It was my intention to write the second part of my ‘Self-Publishing Myths’ series today, but a recent development in the publishing world has forced me to push that back to Monday. John Locke, poster boy of indie success, has admitted that he paid for book reviews, in a move that is becoming increasingly common in the self-publishing world.
I won’t go into the technicalities, as several other bloggers have already done a pretty damn good job of that, but basically, there are websites out there that allow you to purchase paid book reviews for Amazon, or around the web. You can often buy in bulk of twenty or fifty, and these reviews vary in legitimacy and positivity.
While I disagree with purchasing book reviews from a moral standpoint, am I surprised? Not at all.
Self-publishing isn’t what it used to be. It’s just as competitive a market as the traditional world now, so any potential shortcut to success is going to sell, simple as that. Cover design sells. Editing sells. Why shouldn’t reviews sell?
Well, paid book reviews shouldn’t sell, because reviews are something an author should earn.
Receiving a positive review is one of the greatest feelings of pleasure in the writing world, for me, anyway. The knowledge that someone you don’t know has taken the time not only to read your work, but returned to the store from which they bought it to big it up on a global stage, is flattering to say the least.
How would you experience that buzz of a book review if you’re receiving tonnes of illegitimate ones? And how can you ever hope to grow as a writer if you ignore critical judgements and seek fake praise?
Sure, some paid book reviews claim to be ‘objective’, but then that makes things even more immoral. Negative book reviews balanced with positive is a more effective sales tool than positive alone, as it creates the illusion of REAL judgement. Basically, you’re tricking your reader into buying your book. Nice way to treat your fan base, eh?
I don’t have any personal problem with authors who indulge in purchased book reviews. To be honest, a fake review can be sniffed at from a mile away, so in my opinion, fake reviews only do more damage than they do good. Debut indie book with twenty reviews after two days on sale? Give me a break.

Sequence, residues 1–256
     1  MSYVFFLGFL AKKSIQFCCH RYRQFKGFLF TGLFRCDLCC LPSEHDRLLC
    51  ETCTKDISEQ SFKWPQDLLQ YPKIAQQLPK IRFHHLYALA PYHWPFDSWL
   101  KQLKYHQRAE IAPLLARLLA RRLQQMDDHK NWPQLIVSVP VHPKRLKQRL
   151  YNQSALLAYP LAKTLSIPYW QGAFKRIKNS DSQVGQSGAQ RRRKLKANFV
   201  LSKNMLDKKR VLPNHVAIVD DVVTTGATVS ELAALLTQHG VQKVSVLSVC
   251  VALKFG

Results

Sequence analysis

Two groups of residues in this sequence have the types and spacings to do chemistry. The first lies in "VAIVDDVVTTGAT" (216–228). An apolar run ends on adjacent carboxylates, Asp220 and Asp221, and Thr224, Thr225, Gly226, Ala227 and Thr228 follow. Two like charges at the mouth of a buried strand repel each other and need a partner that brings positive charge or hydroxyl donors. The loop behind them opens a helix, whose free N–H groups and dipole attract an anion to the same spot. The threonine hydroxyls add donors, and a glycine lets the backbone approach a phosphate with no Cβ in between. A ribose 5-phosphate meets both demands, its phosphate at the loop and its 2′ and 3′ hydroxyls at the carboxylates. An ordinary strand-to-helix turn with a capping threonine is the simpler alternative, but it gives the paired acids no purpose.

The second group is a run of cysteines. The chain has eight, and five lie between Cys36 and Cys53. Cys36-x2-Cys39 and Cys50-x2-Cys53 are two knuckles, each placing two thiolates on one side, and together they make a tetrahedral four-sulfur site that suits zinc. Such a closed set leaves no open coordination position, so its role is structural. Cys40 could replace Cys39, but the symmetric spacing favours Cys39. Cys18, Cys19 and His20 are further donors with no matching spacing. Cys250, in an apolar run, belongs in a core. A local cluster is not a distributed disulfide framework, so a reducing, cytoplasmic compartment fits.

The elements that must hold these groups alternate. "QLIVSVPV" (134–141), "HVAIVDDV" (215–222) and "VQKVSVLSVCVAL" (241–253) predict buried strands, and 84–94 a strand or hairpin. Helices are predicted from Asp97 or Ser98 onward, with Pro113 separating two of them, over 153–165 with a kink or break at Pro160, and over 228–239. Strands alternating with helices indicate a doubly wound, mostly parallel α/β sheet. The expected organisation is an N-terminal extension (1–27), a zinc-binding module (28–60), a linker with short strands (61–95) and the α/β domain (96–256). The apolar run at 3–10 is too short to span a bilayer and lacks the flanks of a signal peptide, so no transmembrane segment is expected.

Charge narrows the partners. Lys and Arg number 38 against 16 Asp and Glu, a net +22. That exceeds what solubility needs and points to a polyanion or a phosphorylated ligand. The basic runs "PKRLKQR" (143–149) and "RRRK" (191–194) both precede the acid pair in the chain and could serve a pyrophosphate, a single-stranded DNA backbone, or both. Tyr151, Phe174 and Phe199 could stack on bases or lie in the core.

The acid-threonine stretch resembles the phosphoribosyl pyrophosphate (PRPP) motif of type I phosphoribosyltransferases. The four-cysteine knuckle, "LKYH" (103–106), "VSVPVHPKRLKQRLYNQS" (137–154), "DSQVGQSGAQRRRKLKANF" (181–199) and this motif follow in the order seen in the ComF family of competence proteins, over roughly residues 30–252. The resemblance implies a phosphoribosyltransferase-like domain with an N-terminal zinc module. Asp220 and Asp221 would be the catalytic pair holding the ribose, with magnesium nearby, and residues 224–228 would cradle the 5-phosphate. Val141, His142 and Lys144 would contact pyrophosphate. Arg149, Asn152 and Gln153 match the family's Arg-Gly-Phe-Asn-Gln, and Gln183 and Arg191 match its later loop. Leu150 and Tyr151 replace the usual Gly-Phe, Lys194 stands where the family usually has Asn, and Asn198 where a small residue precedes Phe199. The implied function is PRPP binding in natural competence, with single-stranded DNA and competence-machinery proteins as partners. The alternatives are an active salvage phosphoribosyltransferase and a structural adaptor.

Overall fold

If you want to spend your money on book reviews because you want an early rush of sales, go for it. Just don’t have the cheek to expect any support from the rest of us indies who graft day in, day out, for honest appraisal.
If you want to earn a long-term fan base of honest people, and still get that warm, fuzzy feeling inside when you receive a review, then save your cash and spend it on editing and cover design instead. It’s a slow-burn approach, but your fan-base will grow steadily.
Where do you stand on paid book reviews? Is it ‘morally wrong’, or just inevitable circumstance? Drop a comment below and let everyone know what you think! The girls at SelfPublishingTeam.com already have a great debate going too, so be sure to head over to the comments section of their page.
PS: Just a note to say that the people at Amazon, who are usually brilliant, have cocked up a little bit and offered my short story collection, Something in the Cellar, for free these last couple of days. Whilst it isn’t a great advert for their KDP Select program, I see no reason to hide their error, so if you want a free copy, head on over to amazon.com or amazon.co.uk. No idea how long it’ll last, so this message could even be dead on arrival. Just wanted to inform you so you don’t think I’m running a promo without your knowledge, or something!
Image courtesy of luxuryluke via Flickr